Whose battle is it anyway?

Ancient battle and question 'Whose battle is it anyway?'

I’m often asked by British friends why Trump’s supporters seem to back him with such blind adherence. Having spent four years living in the USA, my answer is that support for political parties in America is akin to that for rival football teams in the UK.

Bitter Rivals

Take, for example, the bitterness between Celtic and Rangers fans in Glasgow, or Liverpool and Everton (also in Liverpool) supporters. Fans of these teams probably like the same TV shows, eat the same food, laugh at the same jokes, buy their clothes from the same places, work for the same companies and certainly love their families. Yet, they display a deep aversion to each other on matchday. Their animosity can become violent after games in their home cities’, even though both groups of fans claim to feel deeply attached to the places.

Everyday is matchday

In my experience allegiance to political parties is like this in America, and every day is matchday. Many evangelical Christians chose the republican party because it opposed abortion, and seem prepared to remain loyal to it no matter what else it stands for, even if that means supporting Trump. Like those football fans and their hatred of rival supporters, neither logic nor policy can sway them from devotion to their party and their man.

The opposition

Remaining loyal to a political party isn’t necessarily wrong; however, problems arise with how opposing parties are treated. Why do so many Christians in America embody such hatred for any political opposition? And why did this lead to violence on 6th January 2020?

Is God a populist?

I reviewed the book ‘Is God a Populist‘ last year. Now, six months on, one of the ideas from it that I am still mulling over is the observation that Christians may be susceptible to the simplified view of the world that populists offer. Christianity is a holistic faith, yet it uses contrast in its teaching and rhetoric, for instance: light and dark, God and the world, sacred and secular, material and spiritual. We are often taught that we are in a battle between good and evil. So, when populist leaders exploit this black and white mindset and offer easy solutions, usually based around an ‘us vs them’ paradigm, to complex political problems, we are receptive to their message. Could that be why so many Christians support Trump?

Marching for Jesus

I was a child during the 1980s when the ‘March for Jesus’ movement spread across the UK. Groups of Christians marched together through their towns and villages singing songs mostly written by Graham Kendrick. Together, we declared that God was sovereign over the country, its people and the problems that society faced; the songs were full of battle and war metaphors.

The wrong mindset

Overall, I don’t believe there was anything wrong with these events. However, the problem is that for some Christians, battle metaphors like these may invoke a Christians vs Non-Christians mindset. Though the ‘March for Jesus’ movement was small in the USA, the belief that Christians need to fight has deep roots and is evident in the so-called ‘culture wars’ between conservative traditionalists and progressive liberals. Author James Davison Hunter likened these to the ‘struggle to define America’. [For instance, gay rights have been an ongoing feature of the culture wars, and the discussion has become utterly polarised].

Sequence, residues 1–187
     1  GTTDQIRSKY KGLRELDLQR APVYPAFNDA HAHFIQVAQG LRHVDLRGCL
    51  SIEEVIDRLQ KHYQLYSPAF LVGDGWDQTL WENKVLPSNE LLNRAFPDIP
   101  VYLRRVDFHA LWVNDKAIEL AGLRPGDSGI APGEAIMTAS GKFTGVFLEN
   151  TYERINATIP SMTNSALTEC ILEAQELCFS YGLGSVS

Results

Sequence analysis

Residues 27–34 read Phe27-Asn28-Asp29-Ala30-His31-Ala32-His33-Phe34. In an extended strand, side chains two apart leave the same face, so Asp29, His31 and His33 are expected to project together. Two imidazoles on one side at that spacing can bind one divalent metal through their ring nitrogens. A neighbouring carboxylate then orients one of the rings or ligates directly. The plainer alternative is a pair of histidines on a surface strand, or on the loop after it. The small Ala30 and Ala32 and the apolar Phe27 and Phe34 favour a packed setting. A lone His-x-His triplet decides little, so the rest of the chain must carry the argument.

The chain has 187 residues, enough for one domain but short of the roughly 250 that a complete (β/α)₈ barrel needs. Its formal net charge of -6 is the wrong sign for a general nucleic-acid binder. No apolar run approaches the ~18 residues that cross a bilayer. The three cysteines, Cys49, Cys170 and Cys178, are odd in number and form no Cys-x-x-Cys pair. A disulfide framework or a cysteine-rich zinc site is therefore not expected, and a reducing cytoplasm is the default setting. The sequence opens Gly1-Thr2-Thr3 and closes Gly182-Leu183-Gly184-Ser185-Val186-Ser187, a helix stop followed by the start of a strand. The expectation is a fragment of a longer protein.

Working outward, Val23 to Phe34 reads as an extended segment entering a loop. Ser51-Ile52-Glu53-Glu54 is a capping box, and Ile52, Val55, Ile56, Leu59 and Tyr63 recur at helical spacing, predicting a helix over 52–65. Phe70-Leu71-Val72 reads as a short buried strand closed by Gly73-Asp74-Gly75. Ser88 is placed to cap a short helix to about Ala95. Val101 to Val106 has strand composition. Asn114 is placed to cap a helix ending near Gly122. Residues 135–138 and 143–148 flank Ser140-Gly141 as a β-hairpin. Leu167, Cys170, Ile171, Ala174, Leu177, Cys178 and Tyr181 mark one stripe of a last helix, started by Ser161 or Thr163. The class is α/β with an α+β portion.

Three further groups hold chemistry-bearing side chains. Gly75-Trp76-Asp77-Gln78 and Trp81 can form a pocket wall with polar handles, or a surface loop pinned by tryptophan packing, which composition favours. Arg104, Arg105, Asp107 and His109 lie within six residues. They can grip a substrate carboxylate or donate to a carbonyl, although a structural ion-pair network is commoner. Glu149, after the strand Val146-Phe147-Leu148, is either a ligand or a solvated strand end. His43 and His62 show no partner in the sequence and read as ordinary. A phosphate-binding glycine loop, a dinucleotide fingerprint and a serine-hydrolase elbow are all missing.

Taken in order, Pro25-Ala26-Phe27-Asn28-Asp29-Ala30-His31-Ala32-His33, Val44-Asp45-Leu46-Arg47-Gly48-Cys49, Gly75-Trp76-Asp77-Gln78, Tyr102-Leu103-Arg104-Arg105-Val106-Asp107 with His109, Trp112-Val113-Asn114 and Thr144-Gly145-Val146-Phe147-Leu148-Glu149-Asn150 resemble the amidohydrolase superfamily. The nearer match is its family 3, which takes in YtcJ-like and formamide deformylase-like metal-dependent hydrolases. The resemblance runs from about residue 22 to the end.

Should we be living as if we are in the midst of an earthly battle?

I don’t think so. The battle is not ours; it is God’s (2 Chronicles 20:15) and our part is not to ‘wrestle against flesh and blood, but against the rulers, against the authorities, against the cosmic powers over this present darkness, against the spiritual forces of evil in the heavenly places’ (Ephesians 6:12).

Looking for further evidence?

Consider the last instructions given to Christ’s followers before he departed for heaven. He gave us the great commission: we are to go and make disciples, baptise them and teach them.
Not purge the earth of non-Christians.
Not hold on to power so that non-Christians are impotent.
Anyone representing these alternative maxims should be avoided, particularly persuasive politicians that pit us as Christians against non-Christians. Instead, we are to be winsome, as Christ was. We can do this by loving one another and cultivating the fruits of the Spirit: love, joy, peace, patience, kindness, goodness, faithfulness, gentleness, and self-control.

The battle will always be the Lord’s, do we have the faith to allow Him to fight it?

DislocatedChristians exists to create and support a community of like-minded people. Our prayer is that you’ll find some echoes of your dilemmas with church and culture in these pieces, and it will encourage you to know others have the same struggles. Please like, comment on or share our articles if you’ve found them helpful. We’d be immensely grateful if you could follow us, click towards the bottom of the page.

Just as we are each a work in progress, so too is DislocatedChristians. Sometimes we’ll get things wrong, and we hope that you’ll forgive us and continue to stick around when that happens.


  1. I’m not the world’s greatest thinker about things I seem
    to arrive at views by some subconscious process. So I love it when I read something , like this post & think oh yes that’s right ( esp re the battle is the Lords & we fight principalities & powers). Thanks Anna

    Liked by 1 person

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